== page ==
May 14, 2013 -- Fast food may have a reputation for being a diet disaster but as two studies published in today's JAMA Internal Medicine found, sitting down to a meal at a restaurant does even more damage to your waistline and overall health.
When University of Toronto researchers analyzed the nutritional information of food ordered at 19 sit-down restaurant chains, they discovered the average meal contained a whopping 1,128 calories -- 56 percent of the average daily 2,000-calorie intake recommended by the Food and Drug Administration for a healthy adult.
As the researchers noted, previous research found the average fast food meal delivers just 881 calories.
Belt-busting calorie counts weren't just found in the restaurant's dinnertime portions either. A typical lunch packed more than 1,000 calories on average. At 1,226 calories on average, breakfast meals totaled even higher.
"This was a little surprising, but the volume of food served in many breakfast options is comparable to those served at dinnertime," said Mary Scourboutakos, one of the study's authors.
The calorie count was only one worrisome aspect of the meals Scourboutakos and her colleagues analyzed, however, she said.
"On average, they contained 151 percent of recommended daily salt intake, 89 percent of daily fat, and 60 percent of daily cholesterol," she said.
The Canadian study reviewed 685 meals from popular restaurant chains that post nutritional information publically.
However, dining at smaller, independent eateries appears to be even more disastrous to weight control efforts, according to a second JAMA Internal Medicine study performed by researchers at Tufts University in Boston.
In this study, researchers analyzed the calorie and nutritional content of more than 40 of the most frequently purchased dishes from the nine most common food categories purchased at independent and small chain eateries. All the establishments evaluated had less than 20 locations and won't be required to post nutritional information when new health care laws go into effect later this year.
Using a method known as bomb calorimetry to measure the heat given off in the form of calories when food is burned up, the researchers calculated that the average lunch or dinner entree with sides contained 1,327 calories -- 17 percent more than similar menu items offered at larger chains.
Tufts investigator Lorien Urban said the difference between a meal ordered at an independent restaurant versus one ordered at a larger chain can be upwards of 600 calories. More than 90 percent of the small chain restaurant meals analyzed in the study dispensed more than a third of daily calorie requirements. Nearly 10 percent contained more than a day's worth of calories. And a few packed nearly two day's worth of calories onto the plate.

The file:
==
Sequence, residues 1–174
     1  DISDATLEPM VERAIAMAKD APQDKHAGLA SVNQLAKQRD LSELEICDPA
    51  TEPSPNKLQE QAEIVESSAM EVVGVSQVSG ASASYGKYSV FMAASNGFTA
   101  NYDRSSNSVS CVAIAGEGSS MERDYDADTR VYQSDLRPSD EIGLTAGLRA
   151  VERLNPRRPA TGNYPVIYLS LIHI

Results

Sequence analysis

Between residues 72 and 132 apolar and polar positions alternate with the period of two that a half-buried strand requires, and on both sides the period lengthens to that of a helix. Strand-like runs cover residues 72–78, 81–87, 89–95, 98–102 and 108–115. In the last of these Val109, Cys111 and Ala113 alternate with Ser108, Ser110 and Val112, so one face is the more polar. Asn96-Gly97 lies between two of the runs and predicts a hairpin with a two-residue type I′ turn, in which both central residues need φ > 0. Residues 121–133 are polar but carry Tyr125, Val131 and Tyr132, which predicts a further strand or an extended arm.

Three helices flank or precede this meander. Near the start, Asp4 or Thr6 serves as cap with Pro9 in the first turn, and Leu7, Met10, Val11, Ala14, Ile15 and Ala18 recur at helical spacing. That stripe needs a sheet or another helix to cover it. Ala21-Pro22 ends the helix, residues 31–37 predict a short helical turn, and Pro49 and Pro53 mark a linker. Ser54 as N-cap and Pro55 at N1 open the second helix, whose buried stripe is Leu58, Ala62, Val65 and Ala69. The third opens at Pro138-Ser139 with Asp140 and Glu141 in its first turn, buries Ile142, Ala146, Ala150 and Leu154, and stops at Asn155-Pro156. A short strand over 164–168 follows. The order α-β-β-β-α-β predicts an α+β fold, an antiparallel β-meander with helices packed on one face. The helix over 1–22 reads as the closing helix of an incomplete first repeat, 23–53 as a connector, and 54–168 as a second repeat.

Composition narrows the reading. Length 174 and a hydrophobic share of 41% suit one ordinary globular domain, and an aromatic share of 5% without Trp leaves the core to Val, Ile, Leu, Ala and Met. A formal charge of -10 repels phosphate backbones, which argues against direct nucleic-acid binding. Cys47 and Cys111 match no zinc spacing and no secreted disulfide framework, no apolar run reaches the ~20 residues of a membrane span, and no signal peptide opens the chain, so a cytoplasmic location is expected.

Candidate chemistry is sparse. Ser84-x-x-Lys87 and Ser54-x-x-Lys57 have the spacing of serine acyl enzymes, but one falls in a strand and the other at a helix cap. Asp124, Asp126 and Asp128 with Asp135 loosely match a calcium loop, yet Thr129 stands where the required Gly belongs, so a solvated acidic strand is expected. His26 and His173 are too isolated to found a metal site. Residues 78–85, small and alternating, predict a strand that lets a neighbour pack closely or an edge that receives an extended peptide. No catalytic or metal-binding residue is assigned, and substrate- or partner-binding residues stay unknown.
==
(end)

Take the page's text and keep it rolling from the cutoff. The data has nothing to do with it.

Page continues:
As Urban pointed out, the totals didn't include beverages, appetizers or desserts.
"Considering that more than half the restaurants in the U.S. are independent or small chain and won't be covered by labeling requirements in the future, this is something consumers need to pay attention to," she said. "It's also important because nearly 40 percent of meals are now eaten outside the home."
Both the Canadian and Tufts researchers singled out "rack of ribs" as one of the worst nutritional offenders. Both found that a rib dinner with all the trimming carried between 1850 and 3500 calories.
"This also highlights the variability of calorie counts for similar meals," Urban said.
David Levitsky, a professor of nutrition and psychology at Cornell University in Ithaca, N.Y., said preparing your own meals at home slashes calorie consumption by 20 percent to 35 percent, simply because there is a tendency to serve yourself smaller portion sizes than are put before you when eating out.
"The amount of food and calories you consume per dollar is one of the major reasons you go back to that place," he said. "Restaurants know they are competing with other restaurants based on value, so they tend to be less concerned with your health and more concerned that you come back."
When faced with larger portion sizes, Levitsky said you almost always eat more because your brain is programmed to eat what's in front of you. It's a primal behavior based on bygone days when most humans weren't sure when they'd be eating again.
If eating at home isn't an option, Levitsky recommended ordering half portions, splitting an entree or asking the server to doggie bag half of your meal before it hits your plate.
Scourboutakos said it's also wise to skimp on sauces, dressings and extras and to surf the web for calorie counts when they are available before heading out to eat.